8 Steps to Take When Your Car Breaks Down

Handling a vehicle failure while on the road shouldn’t be cause for panic, especially when you know ahead of time what to do.Have you ever heard anyone tell a new driver, “Expect the unexpected”?

Probably not. But it wouldn’t hurt.

Because you never know when a wild turkey, attempting to take flight (and, yes, they do fly - sort of) is going to careen into the side of your car.

Or when you’ll suddenly find yourself and your car pulled over on the side of a road with a flat tire and no spare - or pulled over because, out of nowhere (of course), your dashboard has become a Lite-BriteTM of warning signals.

If you’ve ever been in one of these, or similar, situations and weren’t prepared, don’t worry -  you weren’t the first and you certainly won’t be the last. AAA, in fact, reported rescuing 32 million drivers in 2015.

Handling a vehicle failure while on the road shouldn’t be cause for panic, especially when you know ahead of time what to do.

Be prepared for when your vehicle breaks down 

The tips, actions, and steps below won’t prevent your vehicle from breaking down while you’re driving it, but they CAN help improve your preparedness, increase your safety, and reduce your feelings of fear, panic, or anxiety if you have car, truck, or SUV troubles while on the road.

So, let’s get started:

1. Know your numbers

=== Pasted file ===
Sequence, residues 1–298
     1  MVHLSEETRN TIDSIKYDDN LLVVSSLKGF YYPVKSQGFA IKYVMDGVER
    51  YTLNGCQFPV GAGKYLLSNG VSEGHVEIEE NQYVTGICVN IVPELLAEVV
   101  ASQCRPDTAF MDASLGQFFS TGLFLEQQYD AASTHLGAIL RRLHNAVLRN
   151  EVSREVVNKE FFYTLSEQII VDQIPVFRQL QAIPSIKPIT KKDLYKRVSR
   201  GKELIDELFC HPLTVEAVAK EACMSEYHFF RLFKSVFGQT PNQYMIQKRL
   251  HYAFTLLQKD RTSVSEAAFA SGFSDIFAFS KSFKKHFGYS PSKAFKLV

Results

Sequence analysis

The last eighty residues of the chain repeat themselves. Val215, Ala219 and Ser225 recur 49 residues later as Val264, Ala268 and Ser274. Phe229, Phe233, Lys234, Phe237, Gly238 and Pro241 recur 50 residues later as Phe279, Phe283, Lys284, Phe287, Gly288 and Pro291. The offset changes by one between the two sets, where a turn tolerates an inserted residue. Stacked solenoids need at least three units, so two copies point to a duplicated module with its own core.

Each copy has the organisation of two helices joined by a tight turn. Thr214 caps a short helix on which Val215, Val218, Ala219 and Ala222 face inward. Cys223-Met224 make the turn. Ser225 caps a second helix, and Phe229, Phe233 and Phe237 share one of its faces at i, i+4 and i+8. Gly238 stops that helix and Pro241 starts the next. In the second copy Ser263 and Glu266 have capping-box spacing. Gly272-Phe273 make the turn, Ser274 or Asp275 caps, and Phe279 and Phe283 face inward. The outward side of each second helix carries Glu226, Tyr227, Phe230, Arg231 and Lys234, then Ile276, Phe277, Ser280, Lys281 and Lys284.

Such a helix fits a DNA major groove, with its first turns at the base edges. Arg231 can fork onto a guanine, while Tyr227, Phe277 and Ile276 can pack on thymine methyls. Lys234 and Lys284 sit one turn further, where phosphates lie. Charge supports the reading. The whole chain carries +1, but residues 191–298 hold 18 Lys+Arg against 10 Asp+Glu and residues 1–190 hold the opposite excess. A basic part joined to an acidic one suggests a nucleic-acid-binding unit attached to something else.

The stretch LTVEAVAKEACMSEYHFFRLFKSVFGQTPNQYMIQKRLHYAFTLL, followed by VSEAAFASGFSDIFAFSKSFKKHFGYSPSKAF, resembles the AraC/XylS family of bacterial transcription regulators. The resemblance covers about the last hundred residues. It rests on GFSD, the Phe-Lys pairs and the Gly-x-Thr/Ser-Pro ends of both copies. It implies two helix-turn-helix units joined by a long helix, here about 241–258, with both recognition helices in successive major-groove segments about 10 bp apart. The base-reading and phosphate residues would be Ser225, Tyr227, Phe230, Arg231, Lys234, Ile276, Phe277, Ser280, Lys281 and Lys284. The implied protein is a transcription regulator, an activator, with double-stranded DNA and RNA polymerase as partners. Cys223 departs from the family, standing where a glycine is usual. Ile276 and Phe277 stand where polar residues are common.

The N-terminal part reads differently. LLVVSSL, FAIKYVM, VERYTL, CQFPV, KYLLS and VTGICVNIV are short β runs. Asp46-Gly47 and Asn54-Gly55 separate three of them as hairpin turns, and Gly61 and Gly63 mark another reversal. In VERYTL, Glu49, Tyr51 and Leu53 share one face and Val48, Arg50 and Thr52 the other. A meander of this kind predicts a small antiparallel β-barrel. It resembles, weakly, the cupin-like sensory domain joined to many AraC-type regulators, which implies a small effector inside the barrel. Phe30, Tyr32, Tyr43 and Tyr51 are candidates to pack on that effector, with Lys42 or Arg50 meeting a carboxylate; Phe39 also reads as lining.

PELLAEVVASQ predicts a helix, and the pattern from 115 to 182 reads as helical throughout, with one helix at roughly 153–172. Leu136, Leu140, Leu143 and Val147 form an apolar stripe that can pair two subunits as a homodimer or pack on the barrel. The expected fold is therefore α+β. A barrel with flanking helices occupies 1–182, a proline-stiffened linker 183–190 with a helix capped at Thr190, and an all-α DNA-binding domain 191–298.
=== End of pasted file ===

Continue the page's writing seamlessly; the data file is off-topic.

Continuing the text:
Have a list of emergency phone numbers ready so you don’t have to spend time looking them up. Keep a list saved on your phone and keep a hard copy with your insurance and registration information in your glove compartment. Remember to include the phone numbers for any roadside assistance providers (e.g. AAA, USAA, Nationwide, Allstate) and towing companies.

2. Have a Roadside Emergency Kit in your vehicle

Since you never know what life is going to throw at you, keeping even the most basic emergency roadside supplies in your car or truck might come in handy when you least expect it. 

Flares, warning/reflective triangles, and a white flag are just a few of the items to consider. You can make your own kits, or buy pre-made ones at your local automotive parts store.

How to Build the Ultimate Vehicle First-Aid & Emergency Survival Kit

Steps to take when your car breaks down 

What do you do when your car breaks down on the highway? On a rural road far from home? At night?

  • Flat or blown tire?
  • Brake failure?
  • Engine stops while you’re driving?
  • Dash lights come on and you’re unsure of the issue?

What you shouldn’t do is panic. You’ve got this. The more you know, the better you’ll feel if such a situation arises.

Below are actions to take if your car breaks down. Familiarize yourself (and any new drivers in your household) with these steps. 

3. Get your car off the road

In most cases, pull off the road to the right shoulder. Only pull into the left shoulder as a last resort. According to the National Safety Council, take your foot off the accelerator and gently and smoothly maneuver to the side of the road. Do not brake hard or suddenly. Signal to drivers around you that you are moving over.